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As Bill McKibben told me recently, seated on Burnaby Mountain where we were sheltering in the shade of a Douglas fir on a blazingly hot May day, "Physics is remarkably disinterested in how the economy is doing right now, or where in the election cycle we are."

He was weary from jet lag, having just made a trip to the Great Barrier Reef where he had seen the vivid results of climate change. Half the coral in the reef has died in the last two years, he said. We were chatting about the Kinder Morgan pipeline project, but there's no chatting with Bill McKibben without the subject of climate change front and centre. Dylan Sunshine Waisman, was seated to his side, interviewing him for a Facebook Live and I was holding the camera.

"All that matters is how much carbon there is in the atmosphere," he commented in his calm, preacher's voice. He squinted up at me with a furrowed brow, his eyes full of gentle intelligence. I'd interviewed him three years before in Fort McMurray when he dubbed the oilsands "the world's worst carbon bomb" with that same serene, vaguely disconcerting, demeanor.

The Trudeau government's announcement this morning that they will purchase the Trans Mountain pipeline, got me thinking about that chat with McKibben under the Douglas fir. That physics isn't political. But I was thinking that people are.

Pipeline Politicos

Alberta Premier Rachel Notley seems desperate to position herself to ride this pipeline conflict right over Jason Kenney into a second term. She's pumping every last drop of political capital out of this drama, and today, at home, she emerged a victor for casting herself as the world's greatest pipeline champion.

Over the Rockies in B.C., Premier John Horgan has taken a principled stand and fought hard for it. "Today's events do not change the risks of a seven-fold increase in tanker traffic, or the catastrophic effect a diluted bitumen spill would cause to British Columbia's economy and environment," he said in a statement as he reacted to Ottawa's pipeline purchase. "It does not matter who owns the pipeline. What matters is defending our coast — and our lands, rivers and streams — from the impact of a dilbit spill. Our government is determined to defend British Columbia's interests within the rule of law and in the courts. We will continue our reference case, to determine our rights within our provincial jurisdiction."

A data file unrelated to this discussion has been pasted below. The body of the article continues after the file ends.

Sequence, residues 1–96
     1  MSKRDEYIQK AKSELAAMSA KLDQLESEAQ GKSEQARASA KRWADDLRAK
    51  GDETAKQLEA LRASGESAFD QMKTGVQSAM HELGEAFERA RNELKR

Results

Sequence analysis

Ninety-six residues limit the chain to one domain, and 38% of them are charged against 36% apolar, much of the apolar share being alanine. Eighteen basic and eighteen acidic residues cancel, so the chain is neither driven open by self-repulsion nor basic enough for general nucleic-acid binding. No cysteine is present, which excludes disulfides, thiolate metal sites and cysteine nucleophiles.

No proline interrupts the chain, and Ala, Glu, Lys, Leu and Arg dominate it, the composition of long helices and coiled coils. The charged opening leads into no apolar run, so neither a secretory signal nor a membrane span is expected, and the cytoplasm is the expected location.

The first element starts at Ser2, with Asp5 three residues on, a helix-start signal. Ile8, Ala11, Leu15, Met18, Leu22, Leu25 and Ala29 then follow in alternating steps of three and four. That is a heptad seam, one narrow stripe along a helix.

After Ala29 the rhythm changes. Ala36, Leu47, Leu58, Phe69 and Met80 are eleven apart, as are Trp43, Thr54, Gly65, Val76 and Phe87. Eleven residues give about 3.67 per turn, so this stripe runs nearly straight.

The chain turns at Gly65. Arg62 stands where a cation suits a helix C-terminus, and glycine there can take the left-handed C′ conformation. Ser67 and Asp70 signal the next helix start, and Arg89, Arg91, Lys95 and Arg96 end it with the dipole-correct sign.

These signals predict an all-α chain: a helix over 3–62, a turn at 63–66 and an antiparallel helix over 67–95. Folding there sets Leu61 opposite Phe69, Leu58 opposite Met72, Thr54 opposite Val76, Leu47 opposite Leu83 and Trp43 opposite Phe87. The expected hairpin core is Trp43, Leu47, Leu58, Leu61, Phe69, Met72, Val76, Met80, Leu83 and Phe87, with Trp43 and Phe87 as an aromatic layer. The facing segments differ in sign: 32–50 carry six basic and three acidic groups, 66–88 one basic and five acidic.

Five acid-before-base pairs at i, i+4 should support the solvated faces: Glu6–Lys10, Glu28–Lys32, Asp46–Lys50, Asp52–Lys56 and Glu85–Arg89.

Despite all the emergency meetings and public blame from Ottawa and Kinder Morgan, Horgan hasn't flinched.

As @BillMcKibben told me seated on Burnaby Mountain where we were sheltering in the shade of a Douglas fir on a blazingly hot May day, "Physics is remarkably disinterested in how the economy is doing right now." #KinderMorgan #cdnpoli

Meanwhile in Ottawa, there's Prime Minister Justin Trudeau. He apparently deemed sacrificing British Columbia votes a necessity to score a win with Bay Street. Even though some Canadian banks are facing up to the financial risks from climate change as they assess their investments, many investors continue to turn their heads away from climate responsibility.

The prime minister has time remaining in his mandate to sell Canadians on the idea that he is committed to larger climate goals. Get ready for it people, because he will trumpet over and over that buying the pipeline makes sense for his strategy to move ahead on climate and marine protection. That's exactly what he explained to Sandy Garossino in February. Watch it here — he is compelling, even if you don't find him convincing.


It may seem like a hard sell when part of the climate package looks like a boost in oilsands production. But the prime minister is likely to be effective with some Canadians if his promotional campaign is amplified by Canada's oil producers who now surely owe him their loyalty. It's a government now swaggering in the role of big oil CEOs, and they're obviously trying to shake that icky, sticky label of 'weak' that the Tories have been trying to pin on them.